Thursday, July 17, 2008

on working and motherhood

one reads constantly in the newspaper and in magazines, in books and of course all over the blogosphere about mothers stressed out from trying to have it all. there seems to be a whole movement of educated moms who are opting out of the workforce to stay at home with their kids. these übermoms seem to look down on those moms who choose to remain on a career track, just as working women once looked down on stay-at-home moms. it seems that position has shifted, at least in North America, if not quite yet here in Denmark (where the cost of living reality mandates a 2-income household). i've heard some whispers of it coming from the other side of the sound in Sweden and the article from atlantic monthly that i linked above actually does reference Sweden.

simply the whole need people seem to have (especially on scrapbooking blogs) to declare what kind of mom they are with a series of letters WHOSM, MOUWSH, MWHDOH or whatever they are, is but a symptom of it (*magpie, please please don't take offense, i'm not targeting you here, it's everywhere on the 'net). what is really wrong with being a mom and having a fulfilling career? why has it come to a point where we feel we should apologize for that?

my daughter is 7 and i have felt, even since the very beginning, where she was born 10 weeks early and we lost her twin sister when i became gravely ill with the first case of listeriosis in denmark in 25 years, that i would be so much more for her as a mother if i devoted some of my brain to work on a regular basis.

for 3 and a half years, i had a rather high-powered and stressful job. and by stress i mean real stress, not whiney newspaper, oh-goodness-call-my-coach-because-i-can't-figure-out-how-to- live-my-life stress. like having way too many tasks and not enough resources (people-wise or time-wise) to do them all kind of stress. like not having time to pee during the day kind of stress. but, i really loved so many things about the job. especially that i traveled a good 150 days last year. all over the world.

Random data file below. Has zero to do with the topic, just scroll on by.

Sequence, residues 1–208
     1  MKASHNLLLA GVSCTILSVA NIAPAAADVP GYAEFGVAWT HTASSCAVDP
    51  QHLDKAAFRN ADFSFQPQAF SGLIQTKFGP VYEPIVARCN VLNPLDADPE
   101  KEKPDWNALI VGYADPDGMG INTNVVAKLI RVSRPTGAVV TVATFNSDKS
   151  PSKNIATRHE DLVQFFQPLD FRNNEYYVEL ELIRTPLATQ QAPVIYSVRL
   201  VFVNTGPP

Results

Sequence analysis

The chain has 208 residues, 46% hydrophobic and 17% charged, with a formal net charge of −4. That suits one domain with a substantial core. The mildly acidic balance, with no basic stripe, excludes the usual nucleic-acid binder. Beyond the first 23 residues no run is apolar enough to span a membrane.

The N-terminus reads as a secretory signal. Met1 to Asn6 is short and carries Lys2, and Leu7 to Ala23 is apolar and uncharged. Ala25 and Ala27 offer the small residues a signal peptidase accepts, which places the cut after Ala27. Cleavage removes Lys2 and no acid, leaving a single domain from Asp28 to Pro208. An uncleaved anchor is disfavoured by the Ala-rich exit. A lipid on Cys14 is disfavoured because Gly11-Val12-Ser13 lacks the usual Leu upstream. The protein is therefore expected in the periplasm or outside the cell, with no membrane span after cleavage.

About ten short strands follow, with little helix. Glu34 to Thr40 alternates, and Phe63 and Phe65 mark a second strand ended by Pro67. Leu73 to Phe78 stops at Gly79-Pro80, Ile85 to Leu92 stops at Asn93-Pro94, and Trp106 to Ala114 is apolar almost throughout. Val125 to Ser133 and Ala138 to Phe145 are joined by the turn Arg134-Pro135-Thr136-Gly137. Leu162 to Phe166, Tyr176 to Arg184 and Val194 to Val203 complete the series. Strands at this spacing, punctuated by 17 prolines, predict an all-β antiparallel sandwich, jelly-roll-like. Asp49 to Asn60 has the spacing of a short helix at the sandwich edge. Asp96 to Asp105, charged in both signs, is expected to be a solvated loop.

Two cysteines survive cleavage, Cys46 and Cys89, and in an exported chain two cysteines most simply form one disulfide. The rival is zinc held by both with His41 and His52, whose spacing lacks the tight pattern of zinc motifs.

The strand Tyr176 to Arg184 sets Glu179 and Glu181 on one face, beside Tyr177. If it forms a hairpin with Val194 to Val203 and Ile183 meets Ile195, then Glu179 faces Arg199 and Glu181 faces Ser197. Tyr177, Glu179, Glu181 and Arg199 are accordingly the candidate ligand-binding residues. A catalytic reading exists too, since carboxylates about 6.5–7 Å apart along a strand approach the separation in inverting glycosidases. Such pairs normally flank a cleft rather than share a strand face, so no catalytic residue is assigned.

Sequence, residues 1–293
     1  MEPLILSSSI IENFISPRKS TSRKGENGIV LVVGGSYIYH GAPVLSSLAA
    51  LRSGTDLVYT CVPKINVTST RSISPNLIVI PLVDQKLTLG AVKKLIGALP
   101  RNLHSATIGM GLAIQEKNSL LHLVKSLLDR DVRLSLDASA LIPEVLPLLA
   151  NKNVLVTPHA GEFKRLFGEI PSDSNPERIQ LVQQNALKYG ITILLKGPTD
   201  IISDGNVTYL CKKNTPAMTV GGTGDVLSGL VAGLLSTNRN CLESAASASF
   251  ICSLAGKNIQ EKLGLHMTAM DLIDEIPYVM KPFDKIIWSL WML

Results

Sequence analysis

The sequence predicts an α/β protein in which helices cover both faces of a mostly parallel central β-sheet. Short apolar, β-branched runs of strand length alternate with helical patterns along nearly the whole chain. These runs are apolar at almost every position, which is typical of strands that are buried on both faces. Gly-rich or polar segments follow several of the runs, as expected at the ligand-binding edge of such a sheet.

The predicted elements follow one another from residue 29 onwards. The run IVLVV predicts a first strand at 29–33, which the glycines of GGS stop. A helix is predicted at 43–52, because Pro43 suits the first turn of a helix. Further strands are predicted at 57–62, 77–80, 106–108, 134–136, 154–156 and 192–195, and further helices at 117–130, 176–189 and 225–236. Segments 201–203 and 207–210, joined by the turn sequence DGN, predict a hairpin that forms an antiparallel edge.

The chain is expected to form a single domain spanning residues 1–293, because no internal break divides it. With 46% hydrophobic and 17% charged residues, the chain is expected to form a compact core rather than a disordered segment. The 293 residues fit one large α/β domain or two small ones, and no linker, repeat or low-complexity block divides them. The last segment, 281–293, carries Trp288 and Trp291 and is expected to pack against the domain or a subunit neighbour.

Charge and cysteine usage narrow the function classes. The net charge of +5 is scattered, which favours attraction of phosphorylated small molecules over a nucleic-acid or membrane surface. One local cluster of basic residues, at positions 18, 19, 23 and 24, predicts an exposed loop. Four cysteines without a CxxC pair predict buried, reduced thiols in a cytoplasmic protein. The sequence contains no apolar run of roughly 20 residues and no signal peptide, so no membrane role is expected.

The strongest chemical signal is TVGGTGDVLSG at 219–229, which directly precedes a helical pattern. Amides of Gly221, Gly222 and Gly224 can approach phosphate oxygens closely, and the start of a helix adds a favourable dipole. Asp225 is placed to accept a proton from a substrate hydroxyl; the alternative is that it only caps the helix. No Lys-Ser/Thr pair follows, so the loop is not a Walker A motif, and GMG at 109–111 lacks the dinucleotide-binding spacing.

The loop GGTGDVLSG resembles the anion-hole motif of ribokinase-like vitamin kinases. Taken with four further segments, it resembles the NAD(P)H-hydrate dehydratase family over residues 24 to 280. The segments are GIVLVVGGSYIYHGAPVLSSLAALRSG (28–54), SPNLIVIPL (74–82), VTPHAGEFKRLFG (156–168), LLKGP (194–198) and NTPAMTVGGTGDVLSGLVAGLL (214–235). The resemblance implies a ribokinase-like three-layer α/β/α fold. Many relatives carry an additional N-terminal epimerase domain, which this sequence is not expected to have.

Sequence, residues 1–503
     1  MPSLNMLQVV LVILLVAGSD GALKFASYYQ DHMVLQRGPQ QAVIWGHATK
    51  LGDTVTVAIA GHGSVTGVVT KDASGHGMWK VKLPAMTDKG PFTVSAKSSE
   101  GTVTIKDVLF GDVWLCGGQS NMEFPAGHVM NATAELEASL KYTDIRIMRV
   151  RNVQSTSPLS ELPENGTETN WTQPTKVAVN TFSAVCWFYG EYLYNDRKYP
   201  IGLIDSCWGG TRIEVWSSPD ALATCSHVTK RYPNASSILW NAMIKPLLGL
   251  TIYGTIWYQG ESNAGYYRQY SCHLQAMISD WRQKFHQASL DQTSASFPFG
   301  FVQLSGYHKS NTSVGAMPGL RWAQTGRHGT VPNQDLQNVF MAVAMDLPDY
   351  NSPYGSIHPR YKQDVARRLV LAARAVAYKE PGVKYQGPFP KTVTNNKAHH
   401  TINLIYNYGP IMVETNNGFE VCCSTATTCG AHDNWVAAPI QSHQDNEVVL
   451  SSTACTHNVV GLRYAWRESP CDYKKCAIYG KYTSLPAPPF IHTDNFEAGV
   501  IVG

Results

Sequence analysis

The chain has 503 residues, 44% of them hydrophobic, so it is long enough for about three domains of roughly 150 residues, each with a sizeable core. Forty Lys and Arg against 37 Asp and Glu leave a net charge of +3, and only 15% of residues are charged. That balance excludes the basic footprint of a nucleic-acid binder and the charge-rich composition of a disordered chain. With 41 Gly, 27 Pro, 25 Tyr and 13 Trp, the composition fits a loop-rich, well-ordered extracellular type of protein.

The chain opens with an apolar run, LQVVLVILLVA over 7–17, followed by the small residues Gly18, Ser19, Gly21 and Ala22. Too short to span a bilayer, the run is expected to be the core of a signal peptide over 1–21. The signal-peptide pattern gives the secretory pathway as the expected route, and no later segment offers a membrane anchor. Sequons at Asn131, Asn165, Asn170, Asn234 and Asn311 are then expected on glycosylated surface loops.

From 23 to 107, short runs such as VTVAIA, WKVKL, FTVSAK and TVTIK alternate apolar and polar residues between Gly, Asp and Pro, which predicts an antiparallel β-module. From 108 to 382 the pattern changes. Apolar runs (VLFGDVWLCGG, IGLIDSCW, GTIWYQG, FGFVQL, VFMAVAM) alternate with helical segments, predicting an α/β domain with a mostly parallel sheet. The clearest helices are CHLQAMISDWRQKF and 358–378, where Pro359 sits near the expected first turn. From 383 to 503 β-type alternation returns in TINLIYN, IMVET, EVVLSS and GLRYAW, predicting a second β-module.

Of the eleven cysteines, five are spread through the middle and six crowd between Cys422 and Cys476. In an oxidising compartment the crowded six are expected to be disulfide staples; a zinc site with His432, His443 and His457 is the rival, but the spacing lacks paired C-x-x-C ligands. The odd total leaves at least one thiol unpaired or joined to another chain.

through it all, i wasn't a perfect mom, but my daughter, who grew from a 4-year-old to an amazing, smart and strong 7-year-old, thrived. i took her with me when i could (she got to go to manila four times and singapore once in three years), a result of which she is a total hotel snob. she was accustomed to my being away, as she hadn't ever really known any different (in my previous job, i was in the US at least one week a month). 

yes, i bought my way back into our home after each trip, bringing her something from each location--an olympic pencil case from beijing, some little beaded animals from cape town, a gap sweatshirt from london or tokyo, a totally cool lunchbox from busan. trying to teach her along the way that having something unique that not everyone else has (arguably this isn't true of gap sweatshirts, but since there's no gap in DK, it is here) is something to be valued. and teaching her that travel is to be valued.

the hard part of my previous job wasn't the travel, it was when i was in the office. it was mandated that one had to be there 8:30-5. this meant that with my hour-long train ride each way, i could never be the one to pick her up and i was rarely the one making dinner. many days i didn't get home in time to eat dinner with her and my husband. i was usually home by bedtime, so i could read to her, but it admittedly wasn't enough time together.

it made us feel like we couldn't waste our weekends and that was stressful. i would feel a bit panicked if all that laundry wasn't done on sunday evening, not really knowing how to face the week without it in order. but, for the most part, it all hung together and the happy moments far outweighed the unhappy ones.

now, i'm in the luxurious position of having a great job that i love, traveling (less than before, but still enough for me to feel happy), being able to work mostly at home, so that i am here to hear about sabin's day and pick her up after school and make dinner together with her (got my new stove installed this week!). so, it is possible to "have it all," but sometimes you have to put in the hard work for a time to put yourself in a position for it--to gain a reputation that will allow you the luxury of being able to design such a solution.